March 9, 1953 (21st Parliament, 7th Session)


Lionel Chevrier (Minister of Transport)


Mr. Chevrier:

This matter is one which concerns the internal management of the Canadian National Railways; and as the house knows, it has not been the policy either of the various departments or of the Canadian National Railways to table correspondence having to do with officers within the department. This policy is one of long standing which has been followed in this house not only by Liberal governments but by Conservative governments as well. My colleague, the Minister of Resources and Development (Mr. Winters), some days ago quoted from a statement made in this house by the Right Hon. Arthur Meighen. It was a statement made in 1920, dealing with a matter having some relation to that which is now before the house. I should like to quote from another statement made by Mr. Meighen in 1921, during which time the then minister of the interior, as I believe he was, gave cogent reasons for the policy which, I submit with deference, should be followed on this occasion. His remarks can be found at pages 1182-3 of Hansard of that year and are as follows:
I think it will be obvious that if the Canadian National directorate are to be compelled to answer to resolutions, which by the dozen may be put upon the order paper of this house every day, calling for copies of correspondence, for the disclosure of every fact and of every deed connected with the operation of the road, they will be put under a disability that their great competitor is not under at all. Should we do that they might well say: You shackle us in the management of the road: you refuse to give us that latitude and freedom of management that every successful business must have; you therefore will have to take the responsibility of failure-we do not. That would be the position they would logically assume. I venture to say that no board of directors, no president and general manager who would be big enough for the tremendous task of operating that system today, would undertake to assume such responsibility under conditions that would be brought about were this amendment to be adopted.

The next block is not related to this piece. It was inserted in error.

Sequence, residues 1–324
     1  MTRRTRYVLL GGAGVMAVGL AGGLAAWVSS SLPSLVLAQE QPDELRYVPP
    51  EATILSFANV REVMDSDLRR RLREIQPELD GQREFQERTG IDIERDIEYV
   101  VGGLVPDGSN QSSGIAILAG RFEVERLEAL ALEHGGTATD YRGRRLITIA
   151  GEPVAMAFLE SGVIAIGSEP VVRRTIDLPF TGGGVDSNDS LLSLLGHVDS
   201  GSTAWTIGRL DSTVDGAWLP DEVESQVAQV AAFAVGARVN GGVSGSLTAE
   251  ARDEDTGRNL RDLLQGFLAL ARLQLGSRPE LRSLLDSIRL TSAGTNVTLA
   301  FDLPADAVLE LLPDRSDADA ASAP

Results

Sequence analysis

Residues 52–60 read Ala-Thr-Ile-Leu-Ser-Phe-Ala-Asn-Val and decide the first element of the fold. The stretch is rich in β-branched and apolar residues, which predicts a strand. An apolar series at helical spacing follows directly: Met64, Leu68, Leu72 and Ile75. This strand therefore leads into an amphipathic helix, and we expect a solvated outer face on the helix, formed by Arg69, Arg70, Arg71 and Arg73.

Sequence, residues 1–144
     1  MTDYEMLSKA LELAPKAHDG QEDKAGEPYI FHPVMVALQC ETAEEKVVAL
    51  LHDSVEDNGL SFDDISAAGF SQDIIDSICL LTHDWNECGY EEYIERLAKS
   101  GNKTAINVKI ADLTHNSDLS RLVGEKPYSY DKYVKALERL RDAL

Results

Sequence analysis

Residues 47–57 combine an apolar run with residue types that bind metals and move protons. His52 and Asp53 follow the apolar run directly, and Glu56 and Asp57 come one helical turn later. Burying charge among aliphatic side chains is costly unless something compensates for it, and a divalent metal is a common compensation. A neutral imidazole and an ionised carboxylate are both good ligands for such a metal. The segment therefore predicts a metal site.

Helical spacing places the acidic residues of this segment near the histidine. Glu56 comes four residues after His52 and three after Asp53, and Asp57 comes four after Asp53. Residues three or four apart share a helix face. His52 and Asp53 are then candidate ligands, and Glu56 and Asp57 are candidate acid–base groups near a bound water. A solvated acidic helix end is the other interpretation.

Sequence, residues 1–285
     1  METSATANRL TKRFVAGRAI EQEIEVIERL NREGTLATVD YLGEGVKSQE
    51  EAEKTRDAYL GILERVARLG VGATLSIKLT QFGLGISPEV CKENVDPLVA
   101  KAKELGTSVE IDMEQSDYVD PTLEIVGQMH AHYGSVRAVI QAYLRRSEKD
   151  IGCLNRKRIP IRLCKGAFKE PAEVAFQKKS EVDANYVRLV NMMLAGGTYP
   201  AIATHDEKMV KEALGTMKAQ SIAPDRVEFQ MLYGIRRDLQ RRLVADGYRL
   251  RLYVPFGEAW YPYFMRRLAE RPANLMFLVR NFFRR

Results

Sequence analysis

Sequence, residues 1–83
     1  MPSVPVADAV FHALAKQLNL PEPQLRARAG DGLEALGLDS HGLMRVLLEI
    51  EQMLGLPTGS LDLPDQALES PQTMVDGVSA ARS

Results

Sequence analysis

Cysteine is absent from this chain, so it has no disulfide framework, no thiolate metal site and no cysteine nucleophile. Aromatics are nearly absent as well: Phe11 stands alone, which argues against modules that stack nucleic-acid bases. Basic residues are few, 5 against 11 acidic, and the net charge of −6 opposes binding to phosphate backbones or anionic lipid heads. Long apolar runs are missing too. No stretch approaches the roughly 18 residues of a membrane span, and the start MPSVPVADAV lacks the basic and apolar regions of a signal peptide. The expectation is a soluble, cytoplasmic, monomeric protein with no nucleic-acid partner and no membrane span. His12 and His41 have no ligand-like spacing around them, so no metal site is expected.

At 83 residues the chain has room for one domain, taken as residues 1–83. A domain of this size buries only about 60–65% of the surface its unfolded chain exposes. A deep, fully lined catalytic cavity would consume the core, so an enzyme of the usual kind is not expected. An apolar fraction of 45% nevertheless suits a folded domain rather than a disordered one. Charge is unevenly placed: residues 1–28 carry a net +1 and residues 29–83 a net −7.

As the minister responsible for the Department of Transport I have always taken the position that it is not in the interests of the Canadian National Railways to give information which relates to the internal operation of the system, and which other competitors or other business organizations would not be required to produce. In fact, the hon. member who has made this motion

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seems-at least to my way of thinking-to have adopted and to have accepted that position when the debate took place on the motion that I referred to in connection with the Minister of Resources and Development because-and I am sorry the hon. member is not in his seat now-after the position was set out by my colleague he had this to say, as reported at page 2292 of Hansard:

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